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J Agric Food Chem. 2010 Oct 27;58(20):11179-86. doi: 10.1021/jf102651n. Epub 2010 Oct 1.

Genotoxic and carcinogenic risks associated with the consumption of repeatedly boiled sunflower oil.

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Proteomics Laboratory, Indian Institute of Toxicology Research (IITR), Council of Scientific and Industrial Research (CSIR), Post Office Box 80, Mahatma Gandhi Marg, Lucknow 226 001, India.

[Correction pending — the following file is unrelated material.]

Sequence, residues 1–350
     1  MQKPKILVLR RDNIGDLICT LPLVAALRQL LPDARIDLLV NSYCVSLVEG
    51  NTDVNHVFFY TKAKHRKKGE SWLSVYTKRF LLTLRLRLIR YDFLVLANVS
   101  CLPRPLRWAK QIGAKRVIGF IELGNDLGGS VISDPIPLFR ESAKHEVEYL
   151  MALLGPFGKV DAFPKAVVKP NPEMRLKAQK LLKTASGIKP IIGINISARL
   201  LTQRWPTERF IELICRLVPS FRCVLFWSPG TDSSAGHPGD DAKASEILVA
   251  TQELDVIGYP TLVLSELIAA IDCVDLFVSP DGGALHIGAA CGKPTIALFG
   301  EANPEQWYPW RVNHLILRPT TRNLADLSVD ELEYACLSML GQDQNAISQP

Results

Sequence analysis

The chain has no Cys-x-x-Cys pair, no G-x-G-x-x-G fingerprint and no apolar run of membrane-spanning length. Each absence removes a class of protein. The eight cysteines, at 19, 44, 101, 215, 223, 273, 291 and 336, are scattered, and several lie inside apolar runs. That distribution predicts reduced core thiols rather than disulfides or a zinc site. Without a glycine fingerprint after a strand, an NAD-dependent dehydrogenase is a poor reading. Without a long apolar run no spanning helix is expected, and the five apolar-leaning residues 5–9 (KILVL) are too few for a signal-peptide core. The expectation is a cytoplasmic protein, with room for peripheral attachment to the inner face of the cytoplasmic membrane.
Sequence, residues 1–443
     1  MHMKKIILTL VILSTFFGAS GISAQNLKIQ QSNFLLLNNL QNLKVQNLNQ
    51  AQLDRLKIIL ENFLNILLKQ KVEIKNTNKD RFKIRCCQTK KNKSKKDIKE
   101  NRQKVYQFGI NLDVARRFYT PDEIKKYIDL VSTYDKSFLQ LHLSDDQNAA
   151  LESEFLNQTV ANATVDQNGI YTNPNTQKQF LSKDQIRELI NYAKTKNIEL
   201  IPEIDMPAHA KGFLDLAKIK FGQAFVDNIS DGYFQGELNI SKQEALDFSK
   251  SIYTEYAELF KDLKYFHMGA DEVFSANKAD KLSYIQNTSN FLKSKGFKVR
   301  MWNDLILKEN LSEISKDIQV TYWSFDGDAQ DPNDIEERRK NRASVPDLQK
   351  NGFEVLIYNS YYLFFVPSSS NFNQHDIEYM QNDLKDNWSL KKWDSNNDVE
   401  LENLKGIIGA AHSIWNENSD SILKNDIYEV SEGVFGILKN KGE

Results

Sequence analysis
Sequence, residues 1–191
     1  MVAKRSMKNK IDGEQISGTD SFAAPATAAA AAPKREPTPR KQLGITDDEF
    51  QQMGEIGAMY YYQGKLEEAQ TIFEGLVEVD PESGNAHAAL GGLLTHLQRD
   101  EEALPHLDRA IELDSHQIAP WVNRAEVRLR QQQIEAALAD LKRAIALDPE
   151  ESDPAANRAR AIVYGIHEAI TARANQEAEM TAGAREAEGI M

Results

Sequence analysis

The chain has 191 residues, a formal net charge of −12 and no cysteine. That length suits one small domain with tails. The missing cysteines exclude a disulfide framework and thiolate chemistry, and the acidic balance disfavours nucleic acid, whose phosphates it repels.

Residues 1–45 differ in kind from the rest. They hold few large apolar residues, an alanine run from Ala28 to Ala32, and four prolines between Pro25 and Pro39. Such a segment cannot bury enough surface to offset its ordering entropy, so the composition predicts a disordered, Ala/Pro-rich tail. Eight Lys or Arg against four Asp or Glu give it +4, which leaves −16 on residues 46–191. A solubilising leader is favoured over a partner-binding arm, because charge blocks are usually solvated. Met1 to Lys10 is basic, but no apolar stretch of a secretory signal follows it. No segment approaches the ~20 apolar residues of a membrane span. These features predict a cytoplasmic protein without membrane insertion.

Repeated boiling of vegetable oils at high temperature in cooking and frying is a very common practice and leads to the formation of a class of toxic substances. Among them, polycyclic aromatic hydrocarbons (PAHs) are well-documented for their mutagenic/carcinogenic potential. The objectives of the present study were to evaluate the genotoxic and carcinogenic risks associated with the consumption of repeatedly boiled sunflower oil, which is one of the commonly consumed vegetable oils in southeast Asian countries. The presence of PAHs was analyzed using high-performance liquid chromatography (HPLC) methods in fresh, single-boiled, and repeatedly-boiled sunflower oil (FSO, SBSO, and RBSO) samples. A higher amount of known carcinogenic/mutagenic PAHs in RBSO samples were shown, as compared to FSO and SBSO. Oral administration of RBSO in Wistar rats resulted in significant induction of aberrant cells (p < 0.05) and micronuclei (p < 0.05) incidence in a dose-dependent manner. Oxidative stress analysis also showed a significant decrease in levels of antioxidant enzymes, such as superoxide dismutase and catalase, with a concurrent increase in reactive oxygen species and lipid peroxidation in animals following RBSO consumption, as compared to FSO or SBSO (p < 0.05). Additionally, RBSO administration alone and along with diethylnitrosamine for 12 weeks induced altered hepatic foci, as noticed by the alteration in positive (γ-glutamyl transpeptidase and glutathione-S-transferase) and negative (adenosine-triphosphatase, alkaline phosphatase, and glucose-6-phosphatase) liver biomarkers. A significant decrease in the relative and absolute hepatic weight in RBSO-supplemented rats was also noted (p < 0.05).

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